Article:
Cam Barker, Patrick Marleau

Can Cam Barker get his career back on track in Edmonton?

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The Chicago Blackhawks parted ways with a lot of talent after they won the 2010 Stanley Cup, but there was one should-be “star” who didn’t even make it that far: Cam Barker.*

The Blackhawks wisely got rid of the so-so offensive defenseman’s pricey $3.08 million cap hit by trading him to the Minnesota Wild for what amounted to an expiring contract in Kim Johnsson on February 12, 2010. After putting up 40 points in just 68 games played 2008-09, Barker’s play was already slipping a bit in Chicago; he managed 14 points in 51 games before that trade. His game really fell off the map in Minnesota, though, as he only scored seven points in 19 games to finish the 09-10 season and was downright pitiful in 2010-11 (five points in 52 games with a -10 rating).

Rather than stomaching the final year of that weighty contract, the Wild opted to buy out Barker during this off-season. Barker and the Wild can sugar coat that decision by saying it was “just business” but the ultimate message is that the defense-starved franchise paid Barker to go away.

Luckily for Barker, the hockey world tends to give top-five draft picks a chance or two at redemption (at least when they’re still young – Barker is just 25 years old). The even more defensively decrepit Edmonton Oilers decided to take a short-term risk on Barker, signing him to a one-year, $2.25 million contract.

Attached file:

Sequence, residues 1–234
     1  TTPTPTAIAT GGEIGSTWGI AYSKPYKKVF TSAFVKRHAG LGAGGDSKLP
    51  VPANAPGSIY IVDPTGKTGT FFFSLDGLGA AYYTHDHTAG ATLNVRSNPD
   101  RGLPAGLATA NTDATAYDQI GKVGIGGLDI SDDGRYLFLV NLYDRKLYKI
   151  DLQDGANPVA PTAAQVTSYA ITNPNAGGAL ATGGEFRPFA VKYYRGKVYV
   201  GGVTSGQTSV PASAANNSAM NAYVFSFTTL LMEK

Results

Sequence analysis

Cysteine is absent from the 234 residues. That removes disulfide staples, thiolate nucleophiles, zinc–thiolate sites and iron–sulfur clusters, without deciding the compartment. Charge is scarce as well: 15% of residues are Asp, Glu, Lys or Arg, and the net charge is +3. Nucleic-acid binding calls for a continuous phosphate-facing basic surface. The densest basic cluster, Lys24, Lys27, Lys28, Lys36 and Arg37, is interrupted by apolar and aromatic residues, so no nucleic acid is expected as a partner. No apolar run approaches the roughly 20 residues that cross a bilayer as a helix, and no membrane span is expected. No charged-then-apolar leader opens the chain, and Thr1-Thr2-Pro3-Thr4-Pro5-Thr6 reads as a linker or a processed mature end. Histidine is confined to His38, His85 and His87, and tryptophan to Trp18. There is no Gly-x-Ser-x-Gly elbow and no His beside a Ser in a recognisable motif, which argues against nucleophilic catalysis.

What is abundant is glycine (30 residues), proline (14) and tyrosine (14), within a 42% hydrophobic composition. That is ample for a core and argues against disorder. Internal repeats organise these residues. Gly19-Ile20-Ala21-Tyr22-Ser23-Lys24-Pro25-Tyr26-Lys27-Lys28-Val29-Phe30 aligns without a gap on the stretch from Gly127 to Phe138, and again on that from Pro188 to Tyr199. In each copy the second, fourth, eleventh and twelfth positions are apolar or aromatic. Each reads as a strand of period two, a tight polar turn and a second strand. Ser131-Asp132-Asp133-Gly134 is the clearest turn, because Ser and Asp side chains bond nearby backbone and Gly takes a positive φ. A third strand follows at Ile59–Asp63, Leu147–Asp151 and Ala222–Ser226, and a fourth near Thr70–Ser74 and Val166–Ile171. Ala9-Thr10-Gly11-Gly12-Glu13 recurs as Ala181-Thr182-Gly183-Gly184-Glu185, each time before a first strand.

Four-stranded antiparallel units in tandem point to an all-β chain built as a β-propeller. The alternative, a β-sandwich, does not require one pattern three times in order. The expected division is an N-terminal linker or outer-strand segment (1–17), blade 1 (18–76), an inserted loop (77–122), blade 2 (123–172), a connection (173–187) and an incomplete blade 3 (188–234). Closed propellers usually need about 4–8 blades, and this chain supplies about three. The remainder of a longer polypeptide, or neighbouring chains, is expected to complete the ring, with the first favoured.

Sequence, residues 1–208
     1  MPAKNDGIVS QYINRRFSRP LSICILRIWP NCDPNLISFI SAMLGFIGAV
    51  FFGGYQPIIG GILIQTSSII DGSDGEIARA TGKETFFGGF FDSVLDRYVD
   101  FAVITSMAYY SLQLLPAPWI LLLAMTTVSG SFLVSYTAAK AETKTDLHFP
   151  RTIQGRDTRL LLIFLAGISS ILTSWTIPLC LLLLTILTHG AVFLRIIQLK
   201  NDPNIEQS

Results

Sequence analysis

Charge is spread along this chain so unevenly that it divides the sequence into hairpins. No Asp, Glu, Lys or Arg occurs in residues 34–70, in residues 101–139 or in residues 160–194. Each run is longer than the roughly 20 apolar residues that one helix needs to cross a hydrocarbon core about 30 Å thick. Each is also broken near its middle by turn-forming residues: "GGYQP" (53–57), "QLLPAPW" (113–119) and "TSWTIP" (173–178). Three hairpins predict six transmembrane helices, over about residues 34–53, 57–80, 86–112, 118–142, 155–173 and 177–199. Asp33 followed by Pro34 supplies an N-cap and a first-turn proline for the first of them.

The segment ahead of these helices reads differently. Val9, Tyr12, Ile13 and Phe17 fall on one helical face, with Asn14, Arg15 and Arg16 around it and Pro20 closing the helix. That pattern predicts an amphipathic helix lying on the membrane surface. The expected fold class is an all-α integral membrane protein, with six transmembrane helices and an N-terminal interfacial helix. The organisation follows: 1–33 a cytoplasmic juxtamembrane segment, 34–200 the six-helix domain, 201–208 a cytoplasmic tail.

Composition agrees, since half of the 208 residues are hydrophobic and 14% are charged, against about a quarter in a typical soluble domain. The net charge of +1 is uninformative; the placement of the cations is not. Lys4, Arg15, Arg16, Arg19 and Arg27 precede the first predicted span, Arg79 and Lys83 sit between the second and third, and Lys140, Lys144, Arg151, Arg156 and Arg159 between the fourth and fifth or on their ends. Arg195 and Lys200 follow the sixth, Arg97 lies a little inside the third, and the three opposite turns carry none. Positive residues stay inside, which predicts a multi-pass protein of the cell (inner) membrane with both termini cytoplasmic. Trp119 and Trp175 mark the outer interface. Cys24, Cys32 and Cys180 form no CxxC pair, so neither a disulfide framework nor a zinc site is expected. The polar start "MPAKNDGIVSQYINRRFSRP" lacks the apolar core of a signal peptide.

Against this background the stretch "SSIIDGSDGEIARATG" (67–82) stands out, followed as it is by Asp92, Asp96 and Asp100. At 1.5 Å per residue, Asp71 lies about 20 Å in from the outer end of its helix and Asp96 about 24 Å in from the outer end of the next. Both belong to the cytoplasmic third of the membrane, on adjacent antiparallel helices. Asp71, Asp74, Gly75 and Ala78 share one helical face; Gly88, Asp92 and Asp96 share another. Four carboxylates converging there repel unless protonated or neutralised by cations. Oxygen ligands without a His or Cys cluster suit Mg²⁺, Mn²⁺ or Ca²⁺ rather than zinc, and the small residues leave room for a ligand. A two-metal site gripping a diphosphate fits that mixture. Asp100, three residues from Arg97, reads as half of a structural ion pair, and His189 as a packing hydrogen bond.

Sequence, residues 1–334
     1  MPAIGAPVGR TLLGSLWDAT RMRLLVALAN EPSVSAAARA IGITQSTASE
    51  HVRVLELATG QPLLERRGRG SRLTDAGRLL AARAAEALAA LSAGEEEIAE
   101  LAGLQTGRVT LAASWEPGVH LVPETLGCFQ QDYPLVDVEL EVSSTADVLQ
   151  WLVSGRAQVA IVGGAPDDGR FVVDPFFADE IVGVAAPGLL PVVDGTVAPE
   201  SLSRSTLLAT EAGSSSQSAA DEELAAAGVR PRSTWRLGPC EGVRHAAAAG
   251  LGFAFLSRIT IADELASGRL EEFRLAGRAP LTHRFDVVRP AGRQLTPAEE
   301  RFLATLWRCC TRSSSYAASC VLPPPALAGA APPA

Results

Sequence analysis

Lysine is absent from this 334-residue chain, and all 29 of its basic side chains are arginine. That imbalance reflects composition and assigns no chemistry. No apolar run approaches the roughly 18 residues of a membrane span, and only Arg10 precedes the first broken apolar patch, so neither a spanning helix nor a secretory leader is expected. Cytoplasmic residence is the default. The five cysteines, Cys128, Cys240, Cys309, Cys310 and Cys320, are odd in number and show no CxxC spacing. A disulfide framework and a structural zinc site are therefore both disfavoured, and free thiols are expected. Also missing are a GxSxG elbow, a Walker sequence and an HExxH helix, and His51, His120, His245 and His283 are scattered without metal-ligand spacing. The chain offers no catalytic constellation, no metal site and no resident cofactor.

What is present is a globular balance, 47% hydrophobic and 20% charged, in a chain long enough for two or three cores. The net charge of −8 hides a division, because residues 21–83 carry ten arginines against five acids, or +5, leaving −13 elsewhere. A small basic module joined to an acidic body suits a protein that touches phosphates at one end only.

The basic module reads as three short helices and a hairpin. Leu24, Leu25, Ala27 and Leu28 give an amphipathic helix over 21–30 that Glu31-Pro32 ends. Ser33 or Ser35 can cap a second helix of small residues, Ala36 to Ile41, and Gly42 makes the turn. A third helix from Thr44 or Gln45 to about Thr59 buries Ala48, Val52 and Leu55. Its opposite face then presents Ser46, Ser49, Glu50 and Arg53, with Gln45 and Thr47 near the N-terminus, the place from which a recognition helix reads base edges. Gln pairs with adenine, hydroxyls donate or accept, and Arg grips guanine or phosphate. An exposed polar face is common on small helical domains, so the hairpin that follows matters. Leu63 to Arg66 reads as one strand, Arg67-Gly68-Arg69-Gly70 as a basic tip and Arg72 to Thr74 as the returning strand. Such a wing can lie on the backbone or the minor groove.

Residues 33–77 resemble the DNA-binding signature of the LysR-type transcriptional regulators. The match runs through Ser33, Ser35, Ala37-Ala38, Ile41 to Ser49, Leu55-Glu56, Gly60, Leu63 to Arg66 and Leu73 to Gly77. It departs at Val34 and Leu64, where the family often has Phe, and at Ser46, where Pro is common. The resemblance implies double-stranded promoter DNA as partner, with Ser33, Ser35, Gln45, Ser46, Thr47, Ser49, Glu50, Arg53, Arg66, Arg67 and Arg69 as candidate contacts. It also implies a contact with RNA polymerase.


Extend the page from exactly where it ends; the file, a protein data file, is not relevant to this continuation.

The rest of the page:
I must admit that I snickered at the idea on first impact, especially since Barker is known for being a bit of an … adventure in his own end. The dollar amount seems a tad bit high for a player whose stock is at an all-time low, but the one-year deal makes it an intriguing gamble for Edmonton. Let’s not forget that Barker hasn’t had a lengthy fall from grace; he’s only two seasons removed from being a fairly prolific contributor on the Blackhawks blueline. Barker also dealt with some injuries last season, so it’s possible that a cleaner bill of health might help him rebuild his career.

This Winnipeg Sun piece reveals that Barker is optimistic about bouncing back during what could be a pivotal season in his still-young career.

“You’re hurt, you’re coming back from injuries, it’s really tough to get the ball going,” he said. “And I didn’t start off the season that well. A lot of contributing factors, but I’m feeling healthy now, completely good to go.

“It (being released) worked out for the best, for me anyway. I end up in a great place in Edmonton.”

(snip)

“It’s a huge year for me,” he acknowledged. “It’s when I reestablish myself and get back to where I was two, three years ago.”

While I’d wager that Barker probably won’t heal many of Edmonton’s wounds, it’s not outrageous to wonder if they might benefit quite a bit from the gamble. If nothing else, Barker will get every opportunity to sink or swim on a threadbare Oilers defense.